When it comes to property investing one of the common questions from our clients is whether they should be looking to buy a house or a unit.
Our answer – perhaps the more important questions should be, ‘what areas should I be looking to invest in at this time?’ and ‘what’s the appropriate level of cash-flow to suit my property plan and circumstances?’
Because, keep in mind that primarily as an investor, this business is about generating a positive return, managing your money and investments wisely, and in alignment with your particular goals and circumstances. It’s not altogether about what type of property you should purchase – though it is nonetheless an important consideration of course. So let’s look at some general information on each.
Houses come with more land – and land in prime areas appreciates – so capital growth over time may be better with houses. On the other hand, units make better use of the space, in terms of occupancy on a piece of land, and are generally more affordable with a lower price point.
With houses, you have complete control over your out-goings and maintenance. These expenses can end up being higher than a unit if anything serious is required, such as structural repairs or a new gas or electric system. But it isn’t that simple. With a unit, you will normally be involved in a strata scheme – meaning that you will share maintenance costs plus a sinking fund for future repairs – but, you will only have one vote on what happens – meaning if the majority want to make some improvement, such as a new balcony or garden upgrade, you will need to pay your share.
If there are lifts, pools or gardens, plus owners corporation fees, you can end up paying a lot more in the maintenance of a unit. If a house is in good condition it could be that it doesn’t need anything spent on it for years. So there is no hard or fixed rule, and you need to look carefully at the costs and get a proper inspection by a qualified inspector.
In terms of renovations, as a house owner, you don’t need permission for strata to make structural changes or renovations, but you may well still require council approval for anything substantial or an extension. With a unit, you would not be allowed any substantial renovation without strata permission.
The demographics of your tenant’s will often be somewhat different between a house and a unit. Houses are generally more desirable – with more space, yards, and fewer neighbours within immediate proximity. They are also generally more suitable for families. So on average you will find that tenants for houses will earn a little more, and you will be more likely to attract a family and more mature applicants compared with a unit.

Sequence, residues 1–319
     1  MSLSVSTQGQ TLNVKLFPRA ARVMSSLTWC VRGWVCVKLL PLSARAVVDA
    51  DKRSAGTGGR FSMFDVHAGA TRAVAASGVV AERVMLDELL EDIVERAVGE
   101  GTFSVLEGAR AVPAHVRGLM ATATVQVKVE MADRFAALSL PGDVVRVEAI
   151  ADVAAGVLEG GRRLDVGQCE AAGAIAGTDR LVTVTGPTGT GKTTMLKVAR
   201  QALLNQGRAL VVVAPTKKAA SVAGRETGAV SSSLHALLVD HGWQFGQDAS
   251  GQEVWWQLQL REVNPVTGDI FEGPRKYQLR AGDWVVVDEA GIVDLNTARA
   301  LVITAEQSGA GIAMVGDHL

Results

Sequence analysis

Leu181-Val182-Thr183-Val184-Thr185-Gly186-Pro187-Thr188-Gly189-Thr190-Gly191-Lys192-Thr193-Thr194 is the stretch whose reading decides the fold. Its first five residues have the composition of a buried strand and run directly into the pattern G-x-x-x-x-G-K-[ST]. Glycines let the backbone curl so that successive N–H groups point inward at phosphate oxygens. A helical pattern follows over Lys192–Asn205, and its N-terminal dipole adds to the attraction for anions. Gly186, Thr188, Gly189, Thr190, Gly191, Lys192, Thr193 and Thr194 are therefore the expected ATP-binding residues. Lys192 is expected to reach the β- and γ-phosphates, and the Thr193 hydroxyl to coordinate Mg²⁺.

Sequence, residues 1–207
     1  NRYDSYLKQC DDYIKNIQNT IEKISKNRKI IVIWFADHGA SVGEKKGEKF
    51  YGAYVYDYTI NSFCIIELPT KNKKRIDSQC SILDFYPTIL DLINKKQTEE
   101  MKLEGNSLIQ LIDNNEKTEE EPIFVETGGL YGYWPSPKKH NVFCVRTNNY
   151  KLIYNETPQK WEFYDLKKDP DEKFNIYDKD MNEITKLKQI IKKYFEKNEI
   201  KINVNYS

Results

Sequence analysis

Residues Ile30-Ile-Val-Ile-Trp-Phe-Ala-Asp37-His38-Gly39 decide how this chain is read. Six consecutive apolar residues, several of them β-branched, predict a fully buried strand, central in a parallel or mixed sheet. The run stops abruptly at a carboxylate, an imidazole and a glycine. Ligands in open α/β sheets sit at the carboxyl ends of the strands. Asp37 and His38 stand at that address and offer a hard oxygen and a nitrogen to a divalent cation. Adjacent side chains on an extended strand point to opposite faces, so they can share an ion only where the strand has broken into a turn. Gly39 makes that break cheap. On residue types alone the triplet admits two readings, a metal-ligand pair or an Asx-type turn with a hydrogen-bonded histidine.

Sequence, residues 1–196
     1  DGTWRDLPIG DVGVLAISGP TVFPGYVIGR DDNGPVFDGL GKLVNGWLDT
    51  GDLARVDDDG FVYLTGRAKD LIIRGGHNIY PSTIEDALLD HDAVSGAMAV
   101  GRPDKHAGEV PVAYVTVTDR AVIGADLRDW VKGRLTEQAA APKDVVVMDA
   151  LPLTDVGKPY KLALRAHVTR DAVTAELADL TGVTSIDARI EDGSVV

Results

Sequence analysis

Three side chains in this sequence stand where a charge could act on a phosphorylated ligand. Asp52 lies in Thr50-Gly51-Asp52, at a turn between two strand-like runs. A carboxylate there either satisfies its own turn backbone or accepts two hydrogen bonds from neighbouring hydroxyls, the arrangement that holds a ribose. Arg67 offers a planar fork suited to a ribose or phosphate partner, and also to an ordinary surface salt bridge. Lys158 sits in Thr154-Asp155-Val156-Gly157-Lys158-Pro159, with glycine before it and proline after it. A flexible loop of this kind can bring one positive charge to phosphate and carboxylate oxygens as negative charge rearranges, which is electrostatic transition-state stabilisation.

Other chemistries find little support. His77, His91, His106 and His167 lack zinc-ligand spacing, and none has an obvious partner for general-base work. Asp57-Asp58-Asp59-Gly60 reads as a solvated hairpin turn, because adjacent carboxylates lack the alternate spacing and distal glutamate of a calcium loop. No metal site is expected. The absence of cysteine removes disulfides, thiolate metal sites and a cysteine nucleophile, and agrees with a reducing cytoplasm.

You also need to consider what kinds of properties are in high and growing demand in any particular area. Is it for example, a family area, a student area, or a transient area? It’s important the type of property you choose will have demand both from buyers and people looking to rent in the area.
Ultimately, if you are wondering if to buy a house or a unit – really it’s more about location and the scarcity and demand for an area than just the type of property. As populations grow in many areas near to cities and employment, councils look to bring on higher density developments, as more people want to live closer to the action.
As land prices rise, small-block city fringe apartments near good transport can be a good entry point for investors. If well located they can achieve a similar or even higher capital growth than houses in the same area, as more people move into it. At the same time, it may well be easier to add value to a house, with an extension or renovation – which can be a boon for shrewd investors.
At the end of the day, you are looking to purchase for value growth, and to suit your circumstances and goals – not for the type of property. So we recommend getting good advice around what are currently the best opportunities for you. Get in touch for a chat.